Wadada Leo Smith: A Vital Life Force

Lyn Horton By

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The Performance

When a piece is performed, Smith controls everything—in a solo situation, of course, but more notably with his groups. He creates the program; he sets up the rehearsals; he oversees the material that is discussed in rehearsal. Smith teaches each player to unlearn his own performance style so that the music begins from a clean slate and can be created afresh. Smith cares that the members of his groups function along democratic lines, so that each has an equal chance to contribute to the music for his own personal fulfillment, therefore producing sound of the highest quality. Smith balances composition and improvisation so that neither outweighs the other and most importantly, so that the mystery is maintained and human nature prevails.

"In spiritual terms," he says, "I lead the prayer."

Smith's job is to keep the ensemble as one. He holds "the key to everybody's part and how to make everybody's part the key to the main door." He guides the members of the group through gestures, eye contact or giving cues, "guiding them through the doors to the most powerful place that is not written or discussed." The inspiration that arises through playing "comes through like a tsunami, when the ensemble is in tune and connected with each other." The main door is the door that opens to the "other side." For Smith, alone, "the other side is space or an artistic dimension where I lose the sense of fear, caring, the need of anything. There, my music has a direct path to a creative completeness that does not require my ordinary efforts, but, a quality of music-making that could not have come forth unless I gave it a channel or presence. It has a psychology that is common to mystical experience, and the major difference is the results. That is, to create a music-object in the present-moment."

The Records

In one year, 2009, Smith released five albums. Two were rereleases for the first time on CD, on the Nessa label—Spirit Catcher, from 1979, and 1989's The Procession of the Great Ancestry. Three were first releases—America (Tzadik), Abbey Road Quartet (Treader), and Spiritual Dimensions (Cuneiform). As with every album Smith generates—whether as a soloist or with a group—each recording has a specific message. He may remain interested in a particular subject matter for his musical stories, but he wants to produce music that is always new, not a rehash of the past.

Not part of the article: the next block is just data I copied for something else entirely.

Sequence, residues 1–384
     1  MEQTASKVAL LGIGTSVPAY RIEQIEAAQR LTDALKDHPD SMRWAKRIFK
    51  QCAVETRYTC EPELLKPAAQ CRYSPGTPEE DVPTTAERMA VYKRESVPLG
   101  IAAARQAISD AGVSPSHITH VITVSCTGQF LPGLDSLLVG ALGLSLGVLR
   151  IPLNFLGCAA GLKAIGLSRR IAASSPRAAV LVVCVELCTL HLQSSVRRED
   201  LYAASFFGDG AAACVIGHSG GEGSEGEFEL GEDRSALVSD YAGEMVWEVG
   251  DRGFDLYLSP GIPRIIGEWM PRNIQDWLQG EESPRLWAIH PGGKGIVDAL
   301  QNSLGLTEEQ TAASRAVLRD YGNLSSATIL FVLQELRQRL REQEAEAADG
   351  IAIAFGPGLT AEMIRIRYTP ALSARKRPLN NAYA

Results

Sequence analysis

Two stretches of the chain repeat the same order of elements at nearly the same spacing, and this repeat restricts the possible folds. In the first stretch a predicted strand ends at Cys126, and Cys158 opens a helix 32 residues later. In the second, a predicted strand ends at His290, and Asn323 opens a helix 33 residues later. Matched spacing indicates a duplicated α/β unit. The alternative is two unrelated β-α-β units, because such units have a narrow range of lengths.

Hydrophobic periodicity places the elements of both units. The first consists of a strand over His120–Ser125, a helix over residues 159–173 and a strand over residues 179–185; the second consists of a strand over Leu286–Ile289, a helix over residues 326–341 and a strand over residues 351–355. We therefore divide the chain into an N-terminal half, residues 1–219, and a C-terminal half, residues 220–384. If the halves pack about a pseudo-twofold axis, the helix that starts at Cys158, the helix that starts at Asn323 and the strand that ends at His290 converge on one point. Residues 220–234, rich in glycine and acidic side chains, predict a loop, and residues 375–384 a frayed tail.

Smith's intention in Sprit Catcher was to reveal an idea of "spaced-ness or how sound and silence work in a large context." The music was written without counting as a component as a means to explore the concept of rhythm units. There is one quintet and one quartet featured; in each Smith is leader on trumpet.

Smith conceived The Procession of the Great Ancestry as a "super dedication," rather than a tribute to what he calls The Trumpet Dynasty—those trumpeters whom he believes shaped trumpet playing for creative music. This recording was "not to portray the psychological character" of Dizzy Gillespie, Miles Davis, Booker Little or Roy Eldridge, but to convey "a personal realization of each artist." The record opens with a vocal, combined with instrumental, celebration of the blues, and continues with compositions whose spark is the abolishment of slavery and civil rights. Seven musicians are listed as members of the bands; not all play on every piece.

America is a duet with Smith on trumpet and, longtime colleague, Jack DeJohnette on drums. For Smith, this is a special recording. It is dedicated to his bluesman stepfather, and "first mentor," Alex Wallace. The music was written as "a gesture of trying to assert something that is unique about America." The stories told on this record revolve around slavery and civil rights; the last piece focuses on a lesson taught in the Sufi tradition about "passing away from the self into enlightenment," and was conceived on the day before the session when, while taking a walk, Smith derived a set of intervals from the birdsongs he heard. Smith and DeJohnette spent three-and-a-half hours at the recording session, playing straight through. "We got it right the first time. The music is pure."